« Last Edit: January 21, 2019, 06:46:28 AM by Simon Dog » Logged
Riki
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« Reply #56 on: January 19, 2019, 02:20:59 PM »

I was watching a show called Judging Amy.  Amy Brenneman is a family court judge, and Tyne Daly plays her mother, who is a CPS worker.  Amy has an alcoholic doctor cousin who was working in a small hospital.  In one episode, he has a little girl who has failing kidneys.  At one point, he tells the girls father that she needs a kidney soon because he doesn't think she will survive another "round of dialysis."
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Dialysis - Feb 1991-Oct 1992
transplant - Oct 1, 1992- Apr 2001
dialysis - April 2001-May 2001
transplant - May 22, 2001- May 2004
dialysis - May 2004-present
PD - May 2004-Dec 2008
HD - Dec 2008-present
LorinnPKD
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« Reply #57 on: January 19, 2019, 05:02:05 PM »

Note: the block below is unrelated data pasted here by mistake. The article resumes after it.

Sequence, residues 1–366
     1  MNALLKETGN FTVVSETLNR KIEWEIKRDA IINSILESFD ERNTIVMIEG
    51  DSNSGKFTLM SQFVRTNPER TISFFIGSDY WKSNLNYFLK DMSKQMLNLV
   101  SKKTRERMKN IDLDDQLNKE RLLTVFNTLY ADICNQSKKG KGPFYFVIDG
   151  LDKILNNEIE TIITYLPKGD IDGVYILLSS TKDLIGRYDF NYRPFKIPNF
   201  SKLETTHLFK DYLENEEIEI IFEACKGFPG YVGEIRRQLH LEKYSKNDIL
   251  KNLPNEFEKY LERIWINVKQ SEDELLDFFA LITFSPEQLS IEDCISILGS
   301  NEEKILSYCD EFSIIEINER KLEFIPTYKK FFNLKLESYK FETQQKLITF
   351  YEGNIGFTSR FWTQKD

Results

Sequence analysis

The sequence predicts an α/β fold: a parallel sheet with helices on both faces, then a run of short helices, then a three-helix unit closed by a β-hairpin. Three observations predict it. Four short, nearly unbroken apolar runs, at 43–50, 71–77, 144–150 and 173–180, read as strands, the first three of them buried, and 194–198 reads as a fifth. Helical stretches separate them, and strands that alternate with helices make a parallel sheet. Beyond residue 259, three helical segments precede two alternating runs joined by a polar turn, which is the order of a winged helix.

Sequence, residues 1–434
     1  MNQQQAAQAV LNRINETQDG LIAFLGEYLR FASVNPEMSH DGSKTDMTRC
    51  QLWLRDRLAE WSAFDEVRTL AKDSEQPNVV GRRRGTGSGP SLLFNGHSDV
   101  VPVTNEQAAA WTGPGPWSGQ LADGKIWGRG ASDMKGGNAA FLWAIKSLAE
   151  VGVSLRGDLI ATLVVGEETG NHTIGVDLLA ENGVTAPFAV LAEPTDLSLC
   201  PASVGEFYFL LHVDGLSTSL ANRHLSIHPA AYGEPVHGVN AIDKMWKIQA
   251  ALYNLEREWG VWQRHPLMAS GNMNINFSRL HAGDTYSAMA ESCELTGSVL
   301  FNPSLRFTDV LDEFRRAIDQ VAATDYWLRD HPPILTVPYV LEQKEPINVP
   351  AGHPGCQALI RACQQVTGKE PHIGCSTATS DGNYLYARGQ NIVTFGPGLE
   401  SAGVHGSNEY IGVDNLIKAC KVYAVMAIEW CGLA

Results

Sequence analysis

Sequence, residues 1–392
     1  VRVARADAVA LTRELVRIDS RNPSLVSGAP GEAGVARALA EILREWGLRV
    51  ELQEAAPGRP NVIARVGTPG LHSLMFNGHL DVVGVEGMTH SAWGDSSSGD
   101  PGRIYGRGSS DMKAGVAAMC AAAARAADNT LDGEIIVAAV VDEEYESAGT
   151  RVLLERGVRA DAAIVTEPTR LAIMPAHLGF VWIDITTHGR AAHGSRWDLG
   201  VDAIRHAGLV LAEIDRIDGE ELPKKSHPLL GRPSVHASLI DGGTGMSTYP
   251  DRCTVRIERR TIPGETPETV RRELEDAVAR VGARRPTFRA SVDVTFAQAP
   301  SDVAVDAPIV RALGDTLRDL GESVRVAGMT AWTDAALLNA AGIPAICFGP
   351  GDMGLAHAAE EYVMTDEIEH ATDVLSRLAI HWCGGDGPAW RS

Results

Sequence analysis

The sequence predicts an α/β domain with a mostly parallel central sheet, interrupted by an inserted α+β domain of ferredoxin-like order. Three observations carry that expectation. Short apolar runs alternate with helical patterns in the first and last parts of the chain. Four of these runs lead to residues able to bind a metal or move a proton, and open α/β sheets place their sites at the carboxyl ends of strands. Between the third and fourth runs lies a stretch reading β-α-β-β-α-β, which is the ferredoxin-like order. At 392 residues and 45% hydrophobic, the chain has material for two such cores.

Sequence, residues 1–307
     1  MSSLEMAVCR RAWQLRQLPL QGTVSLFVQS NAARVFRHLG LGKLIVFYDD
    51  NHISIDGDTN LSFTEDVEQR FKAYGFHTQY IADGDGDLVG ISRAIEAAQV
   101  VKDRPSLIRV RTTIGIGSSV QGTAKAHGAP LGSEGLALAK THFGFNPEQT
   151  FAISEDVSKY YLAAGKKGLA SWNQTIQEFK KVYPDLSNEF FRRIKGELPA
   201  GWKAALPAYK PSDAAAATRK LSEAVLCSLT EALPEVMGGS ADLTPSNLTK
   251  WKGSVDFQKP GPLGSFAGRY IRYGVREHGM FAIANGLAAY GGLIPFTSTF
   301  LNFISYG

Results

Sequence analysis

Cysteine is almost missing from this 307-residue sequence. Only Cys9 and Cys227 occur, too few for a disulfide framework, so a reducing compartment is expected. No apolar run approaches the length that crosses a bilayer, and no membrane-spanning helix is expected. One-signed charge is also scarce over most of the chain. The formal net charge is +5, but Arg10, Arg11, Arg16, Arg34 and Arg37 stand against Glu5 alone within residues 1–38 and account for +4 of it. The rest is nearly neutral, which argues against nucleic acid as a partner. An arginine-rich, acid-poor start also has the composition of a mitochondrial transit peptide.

Oh, these are all so good!

I'd forgotten about the one that made me so mad I had to stop watching it altogether.

There's a show called Jessica Jones on Netflix.  Jessica is the victim of this mind-controlling maniac (played by David Tennant of Doctor Who) and while she's trying to bring this maniac down, she encounters others who were victims of this man.

One of the victims is this young man, Jack, who was driving a bus (that was crashed by said maniac) and one of the victims of the bus accident has a crushed kidney.  Jack feels guilty about the crash, so Jack insists that a doctor take BOTH(!!!) of his kidneys to give to the victim.  Also, he is the wrong blood type, and is told the kidneys would fail in A FEW YEARS(!!!) but he donates both anyways!  Because it totally works like that!

Anyway, Jessica goes to ask Jack questions and finds Jack living with his (somewhat awful) mother, but doing home dialysis in their very nice home.

Jessica is wide eyed: "Are you hooked up to this all the time???"  It's implied that he is, indeed -- that, yes, he's hooked up 24/7 to a machine the size of a small ATM, and that if he's unhooked he'll die.